Meat: To Eat or Not

I once watched a video of a newly born calf being taken away from its mother. The terror of the tiny infant, the heart-rending cries of the mother… how can we as a society condone this? Yet it routinely happens in the dairy industry.

Cows need to have babies in order to produce milk. However, a nursing calf eats into the dairy industry’s profits. So babies are torn from their mothers, sometimes within hours of birth. These young calves are desperate for affection, yet are shoved away by callous people and isolated into tiny steel cages for the duration of their short, miserable lives.

This reality is what eventually drove me to become vegan.

At one point I thought being vegetarian was humane, but understanding what the dairy industry does to calves changed my mind.

Yet there came a point when I was told I needed animal protein. As a type IV cancer survivor, I had worked with a nutritionist to optimize my diet. A vegan diet can be a great anti-cancer regimen, and it’s much better than the standard American diet (SAD) but apparently it’s not always sufficient.

I had to consider the comparative morality of my options.

My husband found a local organic farm. We visited and saw how the cows were treated. The calves stayed with their mothers until they were weaned. At that point, some were slaughtered for “rose beef”.

Yet while they were alive, these calves lived out their days in the sunshine and fresh air. We saw them frolic together and experience their mother’s love. The pastures they enjoyed were filled with wildflowers in the spring. There were wooded areas to provide shade and a large pond as well as other water features. At night, the cows were kept in a large, comfortable barn.

I had to ask myself — was I OK with this? Could I drink the milk from this farm, knowing that some of the calves would ultimately die?

As a cancer survivor, I had faced death on a personal level and dealt with my own mortality. I realized — it wasn’t death I feared so much as the agony of dying. Similarly, while I didn’t want animals to die, I realized that my larger issue was how much they suffer before death.

Animals are thinking, feeling beings and factory farms torture them.

As another example, consider laying hens. They live in agony, being forced to produce more than their bodies are designed to, not being allowed seasonal breaks that they would get in nature. Factory farm eggs have paper-thin shells and pale yolks.

By contrast, the hens on the organic farm ate bugs in pasture and had nests in a spacious hen house. They had plenty of room to roam and they got to exercise their natural behaviors.

Consequently, their eggs had extremely thick shells. They were hard to crack, and the yolks were dark, almost orange.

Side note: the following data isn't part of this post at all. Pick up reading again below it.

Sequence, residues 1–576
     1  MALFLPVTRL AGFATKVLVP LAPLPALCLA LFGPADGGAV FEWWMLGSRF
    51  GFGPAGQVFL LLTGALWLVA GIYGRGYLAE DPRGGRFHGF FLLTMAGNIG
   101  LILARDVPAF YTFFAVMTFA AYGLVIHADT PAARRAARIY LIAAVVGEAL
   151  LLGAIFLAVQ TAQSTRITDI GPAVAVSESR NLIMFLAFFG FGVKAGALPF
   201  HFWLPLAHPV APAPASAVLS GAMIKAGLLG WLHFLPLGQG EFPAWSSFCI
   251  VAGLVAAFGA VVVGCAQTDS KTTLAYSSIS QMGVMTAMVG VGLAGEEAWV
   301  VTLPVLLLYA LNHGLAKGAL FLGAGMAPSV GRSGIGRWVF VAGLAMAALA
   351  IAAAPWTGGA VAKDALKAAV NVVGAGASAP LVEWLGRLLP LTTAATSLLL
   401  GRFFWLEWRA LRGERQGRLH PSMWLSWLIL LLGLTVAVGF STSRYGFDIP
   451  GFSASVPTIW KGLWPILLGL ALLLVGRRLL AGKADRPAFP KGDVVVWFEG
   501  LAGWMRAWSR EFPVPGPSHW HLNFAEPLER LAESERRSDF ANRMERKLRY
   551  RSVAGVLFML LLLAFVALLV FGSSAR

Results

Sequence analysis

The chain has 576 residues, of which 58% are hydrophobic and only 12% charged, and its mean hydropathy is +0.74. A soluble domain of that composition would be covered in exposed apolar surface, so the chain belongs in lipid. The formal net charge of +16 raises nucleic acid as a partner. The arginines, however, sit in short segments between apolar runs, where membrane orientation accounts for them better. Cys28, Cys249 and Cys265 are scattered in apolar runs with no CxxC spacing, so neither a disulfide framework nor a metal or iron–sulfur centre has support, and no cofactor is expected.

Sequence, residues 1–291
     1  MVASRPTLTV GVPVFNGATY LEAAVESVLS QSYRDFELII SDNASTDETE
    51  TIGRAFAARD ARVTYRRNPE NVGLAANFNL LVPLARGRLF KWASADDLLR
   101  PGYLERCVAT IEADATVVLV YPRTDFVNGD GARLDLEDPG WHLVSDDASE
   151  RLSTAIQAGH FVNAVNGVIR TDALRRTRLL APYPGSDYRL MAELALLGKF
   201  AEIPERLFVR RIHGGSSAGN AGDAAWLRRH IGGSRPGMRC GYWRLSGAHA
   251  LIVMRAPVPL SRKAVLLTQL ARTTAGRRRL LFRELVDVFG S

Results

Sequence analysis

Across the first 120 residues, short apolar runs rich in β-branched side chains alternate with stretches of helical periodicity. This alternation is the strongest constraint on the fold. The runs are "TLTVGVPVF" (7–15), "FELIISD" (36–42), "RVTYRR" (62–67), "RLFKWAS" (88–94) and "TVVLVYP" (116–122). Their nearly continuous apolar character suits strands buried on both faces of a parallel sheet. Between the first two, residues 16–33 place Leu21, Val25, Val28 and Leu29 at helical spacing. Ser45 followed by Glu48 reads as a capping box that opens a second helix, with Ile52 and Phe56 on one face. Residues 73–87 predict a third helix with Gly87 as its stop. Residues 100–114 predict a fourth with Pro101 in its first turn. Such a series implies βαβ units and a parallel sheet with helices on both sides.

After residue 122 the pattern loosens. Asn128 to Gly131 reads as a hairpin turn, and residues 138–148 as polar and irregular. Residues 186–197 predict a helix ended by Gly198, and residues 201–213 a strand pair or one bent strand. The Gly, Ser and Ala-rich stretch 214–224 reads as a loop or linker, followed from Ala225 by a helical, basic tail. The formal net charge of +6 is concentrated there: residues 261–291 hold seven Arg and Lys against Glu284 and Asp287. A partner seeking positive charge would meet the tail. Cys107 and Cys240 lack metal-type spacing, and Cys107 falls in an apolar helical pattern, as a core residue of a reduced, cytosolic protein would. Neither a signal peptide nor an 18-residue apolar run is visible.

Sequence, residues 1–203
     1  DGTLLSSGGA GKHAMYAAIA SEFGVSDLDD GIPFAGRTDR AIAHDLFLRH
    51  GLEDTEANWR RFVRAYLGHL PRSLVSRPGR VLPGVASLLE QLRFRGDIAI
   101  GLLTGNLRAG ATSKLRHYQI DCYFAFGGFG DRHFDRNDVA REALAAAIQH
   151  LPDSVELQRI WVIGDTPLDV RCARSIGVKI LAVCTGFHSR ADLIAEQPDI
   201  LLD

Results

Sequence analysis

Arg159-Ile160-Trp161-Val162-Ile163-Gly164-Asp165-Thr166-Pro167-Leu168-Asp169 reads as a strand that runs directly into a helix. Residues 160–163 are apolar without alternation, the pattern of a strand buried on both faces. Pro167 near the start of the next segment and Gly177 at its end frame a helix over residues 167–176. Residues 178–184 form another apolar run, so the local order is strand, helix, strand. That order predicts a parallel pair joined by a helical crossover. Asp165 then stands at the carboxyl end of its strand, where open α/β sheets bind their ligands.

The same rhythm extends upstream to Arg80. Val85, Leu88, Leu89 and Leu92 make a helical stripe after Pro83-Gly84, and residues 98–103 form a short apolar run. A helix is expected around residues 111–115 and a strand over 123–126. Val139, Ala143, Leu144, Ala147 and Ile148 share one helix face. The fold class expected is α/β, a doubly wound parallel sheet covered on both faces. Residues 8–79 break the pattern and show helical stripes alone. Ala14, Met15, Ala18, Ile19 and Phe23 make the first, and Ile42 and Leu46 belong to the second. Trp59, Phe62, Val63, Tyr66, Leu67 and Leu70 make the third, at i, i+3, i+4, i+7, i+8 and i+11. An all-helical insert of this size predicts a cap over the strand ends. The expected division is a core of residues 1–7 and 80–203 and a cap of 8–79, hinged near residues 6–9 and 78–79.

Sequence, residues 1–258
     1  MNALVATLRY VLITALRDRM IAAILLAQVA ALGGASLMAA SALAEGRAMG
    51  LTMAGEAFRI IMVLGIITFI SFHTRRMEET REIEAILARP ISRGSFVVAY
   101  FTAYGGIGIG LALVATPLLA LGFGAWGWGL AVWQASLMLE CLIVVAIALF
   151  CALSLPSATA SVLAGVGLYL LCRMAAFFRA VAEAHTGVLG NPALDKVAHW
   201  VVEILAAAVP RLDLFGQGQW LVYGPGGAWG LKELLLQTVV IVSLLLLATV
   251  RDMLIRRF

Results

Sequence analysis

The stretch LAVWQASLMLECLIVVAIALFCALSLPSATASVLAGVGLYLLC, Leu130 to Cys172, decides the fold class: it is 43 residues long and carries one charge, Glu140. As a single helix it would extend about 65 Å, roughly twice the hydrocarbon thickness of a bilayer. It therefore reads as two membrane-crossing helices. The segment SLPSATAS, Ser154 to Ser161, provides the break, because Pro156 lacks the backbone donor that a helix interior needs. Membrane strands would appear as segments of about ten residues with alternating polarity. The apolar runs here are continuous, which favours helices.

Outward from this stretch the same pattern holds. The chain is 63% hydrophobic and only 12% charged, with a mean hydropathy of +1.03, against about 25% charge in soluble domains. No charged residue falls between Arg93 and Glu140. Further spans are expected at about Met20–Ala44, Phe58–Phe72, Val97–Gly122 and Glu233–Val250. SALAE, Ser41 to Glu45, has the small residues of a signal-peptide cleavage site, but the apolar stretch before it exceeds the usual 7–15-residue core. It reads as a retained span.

The hens were allowed to follow their natural cycles — the organic farm warned that they wouldn’t lay much in the winter. So customers were told to “stock up” in the summer. They could purchase extra eggs and blend up the liquid to keep in the freezer.

Customers were made responsible to plan for times of scarcity instead of the hens being forced to lay for human convenience. The result was that the birds were not stressed out. They wandered up to people and enjoyed being cuddled by the farmer’s children.

All things considered, I didn’t have issues eating the eggs or drinking the milk from this organic farm. Since then I have also consumed their pastured meat.

I realize some people will be angry with me because of this, but I’ve got pets. I feed my cats meat because they are obligate carnivores and I want them to stay healthy.

In nature, animals kill each other. Death is part of the circle of life. Animals are born and they die. That isn’t an issue for me. Innocent suffering is.

Animals are innocent. They don’t deserve to be tortured. The reason agribusiness exists — it’s cheaper to stick animals in tiny containers vs. letting them peacefully graze. Just like it’s cheaper to stick office workers in cubicles or to cram children into classrooms.…

Mahatma Gandhi once said, “The greatness of a nation can be judged by the way its animals are treated.” If that is true, is America a great nation?

Expanding on that, given how we treat the silent, suffering masses in our factory farms, is it any wonder how we treat other powerless groups? Would a more compassionate society that cared about the suffering of battery hens and veal calves allow the suffering of little children and displaced workers? Would we have already found solutions to homelessness if we genuinely cared about suffering?

Should we all be vegan? Ideally, it would be great. Realistically, however, many people will not consider going vegan but will pay more for humanely raised meat, particularly when you point out that it’s also healthier.

The question then becomes — is the perfect the enemy of the good? Would it be better to have people pay more for meat from animals that are raised on pasture, with access to sunshine and fresh air, instead of being locked in cages? Or should we hold out for a vegan society?

This post was previously published on Medium and is republished here with permission from the author.


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Photo credit: Shefali O’Hara